Mark Granroth-Wilding

Current Research

Since moving to Silo.AI in August 2021, I am no longer actively doing academic research, though I hope to maintain to some extent some of my ongoing collaborations in the areas below.

My research interests lie in natural language processing (NLP), computational creativity and music processing/cognition.

Particular areas of research that I have recently focused on are:

  • multilingual NLP and language transfer for low-resource languages;
  • application of NLP to noisy, historical data;
  • cross-lingual representation learning;
  • combination of Bayesian modelling and neural representation learning.

Before moving to Silo.AI, I was working on the following projects in the Discovery Group at the University of Helsinki.

  • NewsEye
    Building a digital investigator for historical newspapers. I lead work package 4 on topic modelling for analysis of multilingual, noisy output from automated text recognition on historical newspapers.
  • Embeddia
    Within the EU, access to fundamental resources such as local news and government services is limited by the great diversity of the EU’s 37 languages. Embeddia seeks to address these challenges by leveraging innovations in cross-lingual embeddings to allow existing monolingual resources to be used across languages. The project will develop novel multilingual techniques for news analysis and media production.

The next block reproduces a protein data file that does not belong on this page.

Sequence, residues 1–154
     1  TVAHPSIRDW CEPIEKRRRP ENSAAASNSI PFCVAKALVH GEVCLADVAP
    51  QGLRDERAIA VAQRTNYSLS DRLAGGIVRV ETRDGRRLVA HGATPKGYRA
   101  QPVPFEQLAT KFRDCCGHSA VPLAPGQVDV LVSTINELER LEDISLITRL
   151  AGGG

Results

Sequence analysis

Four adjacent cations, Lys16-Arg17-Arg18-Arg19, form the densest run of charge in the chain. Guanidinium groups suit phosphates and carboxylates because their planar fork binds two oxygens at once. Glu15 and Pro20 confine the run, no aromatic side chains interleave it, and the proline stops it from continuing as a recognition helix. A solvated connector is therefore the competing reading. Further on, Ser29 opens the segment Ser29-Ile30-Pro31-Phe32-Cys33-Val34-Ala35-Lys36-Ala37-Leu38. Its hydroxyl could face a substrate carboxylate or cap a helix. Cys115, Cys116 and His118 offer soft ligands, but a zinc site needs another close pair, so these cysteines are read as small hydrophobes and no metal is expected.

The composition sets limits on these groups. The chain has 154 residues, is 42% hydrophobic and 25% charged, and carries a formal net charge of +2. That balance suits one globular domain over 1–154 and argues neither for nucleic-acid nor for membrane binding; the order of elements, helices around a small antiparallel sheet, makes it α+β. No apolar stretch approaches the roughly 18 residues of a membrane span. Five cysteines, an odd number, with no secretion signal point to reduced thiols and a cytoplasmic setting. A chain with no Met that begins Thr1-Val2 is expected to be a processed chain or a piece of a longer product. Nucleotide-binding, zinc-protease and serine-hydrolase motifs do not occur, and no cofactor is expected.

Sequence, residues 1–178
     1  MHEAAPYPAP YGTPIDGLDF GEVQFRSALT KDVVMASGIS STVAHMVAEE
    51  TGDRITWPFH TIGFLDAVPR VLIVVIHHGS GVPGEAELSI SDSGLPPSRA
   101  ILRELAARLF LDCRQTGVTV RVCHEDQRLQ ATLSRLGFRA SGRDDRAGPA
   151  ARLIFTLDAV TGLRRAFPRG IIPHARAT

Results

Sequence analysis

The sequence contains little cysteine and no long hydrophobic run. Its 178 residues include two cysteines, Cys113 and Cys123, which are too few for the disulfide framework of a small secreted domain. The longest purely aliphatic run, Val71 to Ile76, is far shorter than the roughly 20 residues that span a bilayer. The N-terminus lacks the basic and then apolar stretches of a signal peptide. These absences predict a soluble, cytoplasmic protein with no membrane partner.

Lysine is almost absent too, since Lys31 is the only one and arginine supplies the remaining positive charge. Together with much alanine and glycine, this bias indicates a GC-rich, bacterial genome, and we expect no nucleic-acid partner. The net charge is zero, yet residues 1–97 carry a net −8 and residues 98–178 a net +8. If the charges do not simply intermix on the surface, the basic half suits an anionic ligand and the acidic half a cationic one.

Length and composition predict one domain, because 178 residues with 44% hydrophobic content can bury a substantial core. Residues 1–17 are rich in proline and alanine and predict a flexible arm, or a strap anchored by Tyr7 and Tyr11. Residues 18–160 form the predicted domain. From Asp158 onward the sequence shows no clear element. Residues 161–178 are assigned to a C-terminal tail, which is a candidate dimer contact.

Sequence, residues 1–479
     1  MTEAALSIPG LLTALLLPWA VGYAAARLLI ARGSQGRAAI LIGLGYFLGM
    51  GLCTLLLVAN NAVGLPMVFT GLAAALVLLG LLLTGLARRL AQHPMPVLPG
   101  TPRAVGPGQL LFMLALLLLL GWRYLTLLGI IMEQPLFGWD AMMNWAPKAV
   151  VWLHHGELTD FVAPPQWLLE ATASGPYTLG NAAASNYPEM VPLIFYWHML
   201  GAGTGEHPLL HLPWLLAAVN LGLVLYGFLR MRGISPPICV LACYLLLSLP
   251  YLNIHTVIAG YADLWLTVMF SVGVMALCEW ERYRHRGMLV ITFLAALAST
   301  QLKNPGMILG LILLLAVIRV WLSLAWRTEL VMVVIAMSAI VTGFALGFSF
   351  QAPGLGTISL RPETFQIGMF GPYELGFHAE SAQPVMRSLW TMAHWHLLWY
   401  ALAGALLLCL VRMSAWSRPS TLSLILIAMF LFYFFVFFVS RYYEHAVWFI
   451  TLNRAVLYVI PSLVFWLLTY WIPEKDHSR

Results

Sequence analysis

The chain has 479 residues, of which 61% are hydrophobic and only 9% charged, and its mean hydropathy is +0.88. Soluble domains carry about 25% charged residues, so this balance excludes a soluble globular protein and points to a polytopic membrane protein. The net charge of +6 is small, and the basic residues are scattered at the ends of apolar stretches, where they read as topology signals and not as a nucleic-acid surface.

Previous project: Digital Language Typology

Digital Language Typology:
Producing a platform to assess the structurally manifested family relationships within a set of languages with large digital textual and speech material. We focussed in particular on low-resourced Uralic languages.

Previous project: Immersive Automation

Immersive Automation was a project about news automation in which our team in Helsinki worked on Natural Language Generation. The aim was to build a demonstration of a future news ecosystem, using automatic data analysis and NLG.

The project ended in May 2018.

Previous project: WHIM

My previous work, with Stephen Clark at the Cambridge Computer Laboratory, was part of the What-If Machine (WHIM) project.

Computational Creativity studies how to engineer software which can take on some of the creative responsibility in arts and science projects. The aim of WHIM was to derive, implement and test novel formalisms and processes which enable software to not only invent, but assess, explore and present novel, creative ideas.

For an introduction to Computational Creativity and this project, with a slight leaning towards Cognitive Science, take a look at my talk from KVIT 2015.

Previous project: Jazz Parsing

In my PhD, I investigated the use of linguistic grammars to model and automatically analyze the structure of jazz harmonic sequences.

More about my PhD project